Yamaha RX 100
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|Manufacturer||Yamaha Motor Company|
|Engine||98 cc two-stroke, reed valve, air-cooled, single-cylinder, gasoline seven-port torque induction|
|Top speed||110+ km/h (fully conditioned)|
|Power||11 HP (8.206 kW) @ 8500 RPM|
|Torque||10.39 Nm (1.06 kgf-m or 7.66 ft.lbs) @ 6500 RPM|
|Transmission||four-speed constant mesh, multiplate clutch (can be converted)|
|Suspension||Telescopic fork front(KYB IN JAPANESE) , swing arm rear telescopic with spring|
|Brakes||Expanding Drum (both front and rear)|
|Tires||Wire spoked, 2.50-inch × 18-inch (4-ply rating) front tyre, 2.75-inch × 18-inch (6-ply rating) rear tyre|
|Dimensions||L: 2040 mm|
W: 740 mm
H: 1060 mm
|Seat height||765 mm|
|Weight||95 kg (dry)|
103 kg (wet)
|Fuel capacity||10.5 L (2.3 imp gal; 2.8 US gal)|
|Oil capacity||0.650 L (0.687 US qt) transmission, 1 L (1.1 US qt) motor|
|Fuel consumption||40-45 km/L|
|Turning radius||2100 mm|
In November 1985, Yamaha released the RX 100 to widespread acclaim. The appeal came largely from the high output of its 100 cc (6.1 cu in) engine. With its lightweight body and high power output, the resulting power to weight ratio of the bike made it the best 100 cc bike ever built for mass production, and as a result there is still a high demand for it many years after it ceased production.
A 1989 Modified Yamaha RX 100.
The RX 100 was quickly adopted by racers who recognized its potential for drag racing. Various modifications such as expansion chambers, head porting, engine tuning, sprocket changes and wheel size changes became fairly common. A large number of customization options include larger carburetors, air filters, quicker throttle, disc brakes, an additional 5th gear, race pistons, racing CDI systems, upgraded tires and suspension damping. Tuned RX 100's have completed a standing start quarter-mile in about 14 seconds – a respectable figure, considering the much larger BMW-S1000RR 4-Cylinder 1,000 cc (61 cu in) bike can cover one-quarter mile (0.4 km) in 10.2 seconds. The bikes were knock-down kits, produced in Japan and assembled in India. An easy differentiation between the Japanese and Indian market models was that the model produced in Japan had disc brakes, while the Indian market version had drum brakes front and rear.
Factory stock colors for the bikes were Peacock Blue, Cherry Red and Metallic Black. The only major change that the bike underwent was upgrading from a 6-volt electrical system to a 12-volt system in order to support a CDI (capacitor discharge ignition) system for improved ignition and timing. The RX 100 production lasted from November 1985 to March 1996. The tightening of emissions laws and regulations in India demanded lower emissions from these motorcycles, and as a result the RX 100 was replaced by the RX G.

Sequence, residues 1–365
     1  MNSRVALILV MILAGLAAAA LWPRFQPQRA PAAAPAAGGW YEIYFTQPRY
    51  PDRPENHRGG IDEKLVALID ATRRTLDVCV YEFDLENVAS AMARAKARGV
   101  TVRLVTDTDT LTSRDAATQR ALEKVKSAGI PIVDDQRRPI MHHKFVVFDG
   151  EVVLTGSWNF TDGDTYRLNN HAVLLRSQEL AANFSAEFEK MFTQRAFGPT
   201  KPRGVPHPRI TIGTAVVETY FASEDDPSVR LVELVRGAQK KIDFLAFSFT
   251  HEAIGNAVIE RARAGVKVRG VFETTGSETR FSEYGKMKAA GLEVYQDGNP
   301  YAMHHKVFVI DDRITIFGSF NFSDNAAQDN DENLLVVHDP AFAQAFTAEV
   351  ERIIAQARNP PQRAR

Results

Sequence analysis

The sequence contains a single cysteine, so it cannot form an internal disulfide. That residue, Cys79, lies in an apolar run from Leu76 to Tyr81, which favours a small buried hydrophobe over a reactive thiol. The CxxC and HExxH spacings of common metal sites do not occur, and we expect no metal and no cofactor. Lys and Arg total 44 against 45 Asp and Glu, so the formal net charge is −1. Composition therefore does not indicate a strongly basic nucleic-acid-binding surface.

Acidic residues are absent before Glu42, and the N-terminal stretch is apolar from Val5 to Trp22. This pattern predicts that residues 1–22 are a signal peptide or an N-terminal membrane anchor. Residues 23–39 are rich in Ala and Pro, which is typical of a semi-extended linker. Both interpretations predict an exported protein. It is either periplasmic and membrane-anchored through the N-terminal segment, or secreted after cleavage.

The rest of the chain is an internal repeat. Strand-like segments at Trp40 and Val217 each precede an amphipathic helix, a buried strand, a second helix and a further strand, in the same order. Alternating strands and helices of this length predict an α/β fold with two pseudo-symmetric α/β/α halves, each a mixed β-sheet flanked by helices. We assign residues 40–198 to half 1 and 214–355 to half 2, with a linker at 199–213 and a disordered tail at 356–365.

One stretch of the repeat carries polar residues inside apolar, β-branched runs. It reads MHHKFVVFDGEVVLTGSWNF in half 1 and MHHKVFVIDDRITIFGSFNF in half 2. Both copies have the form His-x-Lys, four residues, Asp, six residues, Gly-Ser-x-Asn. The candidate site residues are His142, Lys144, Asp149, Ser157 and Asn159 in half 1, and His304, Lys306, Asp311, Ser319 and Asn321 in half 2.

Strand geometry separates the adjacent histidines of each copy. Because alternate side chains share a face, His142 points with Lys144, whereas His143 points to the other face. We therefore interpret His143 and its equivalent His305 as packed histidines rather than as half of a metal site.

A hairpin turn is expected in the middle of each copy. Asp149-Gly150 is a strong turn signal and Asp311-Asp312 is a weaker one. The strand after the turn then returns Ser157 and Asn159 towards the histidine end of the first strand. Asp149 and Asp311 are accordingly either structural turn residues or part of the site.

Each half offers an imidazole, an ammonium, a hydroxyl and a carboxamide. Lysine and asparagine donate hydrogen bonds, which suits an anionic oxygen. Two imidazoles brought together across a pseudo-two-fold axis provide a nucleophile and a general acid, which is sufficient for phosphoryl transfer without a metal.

The RX 100 model was replaced by the 11.8 bhp (8.8 kW), 132 cc (8.1 cu in) RXG, with a taller primary and secondary reduction. It had the same lightened flywheel from the RX 100 which caused unpleasantly abrupt acceleration. Yamaha replaced it with a heavier flywheel the following year. Then came the RX-Z in 1997, with a new chassis and shorter wheelbase, with the same primary reduction ratio as the RX100 but with a taller final reduction. The RX-Z was launched with sportier bodywork and produced 12 bhp (8.9 kW) at 6,500rpm. Following the RX-Z, the RX135 was launched in 1998 with the same engine as the RXZ but using the same chassis as the RX 100 or RXG. The RX135 saw a moderate success due to its refined power output and better fuel economy. In 2000 Yamaha launched the 14 bhp (10 kW), 7,500rpm RX135 5 speed with a large catalytic converter muffler (silencer). It's had a higher compression ratio and different port dimensions. It fared poorly in the India market due to its lower fuel economy, lack of marketing and quieter exhaust note which is departure from original rx series. It was discontinued after two years. The RX 135 5 speed was later recognized as the quickest RX-series bike and has a continued cult status due to its rarity. A 5-speed variant of the RX-Z with front disc brakes also had a limited release in 2001.
The final variant was a 4-speed RX 135 with a smaller catalytic converter silencer, classic rx100 like tank stripes and twin pod speedometer with white dials which was sold very briefly from 2003 to 2005.
The Yamaha RX 100 production run lasted from November 1985 to March 1996. The model was followed by the 132 cc RX G, which had a reduced 11.8 BHP. The RX G had an economy-minded engine configuration with the ports tuned to increase fuel-efficiency and decrease exhaust gas. This model was the reply to the stricter emissions controls, which were to continue affecting Yamaha's designs. The Japanese manufacturers responded in late 1997 with the Yamaha RX-135 and the RX-Z which had a tachometer and a sportier headlamp and body. Both were mechanically the same and the RX-135 received a lukewarm response. The market also saw five-speed versions of the RX-135s and RX-Z. The final variant was a four-speed RX 135 with a small type catalytic converter, sporting a fuel gauge and a speedometer with white dials which was sold very briefly in 2003–2005.
- "Yamaha RX 100 (History)". www.xbhp.com. Retrieved 2017-11-11.
- "A brief history of RD 350 sold in India – Just Motorcyclin' Around". Just Motorcyclin' Around. 2000-12-31. Retrieved 2017-11-11.
- Media related to Yamaha RX at Wikimedia Commons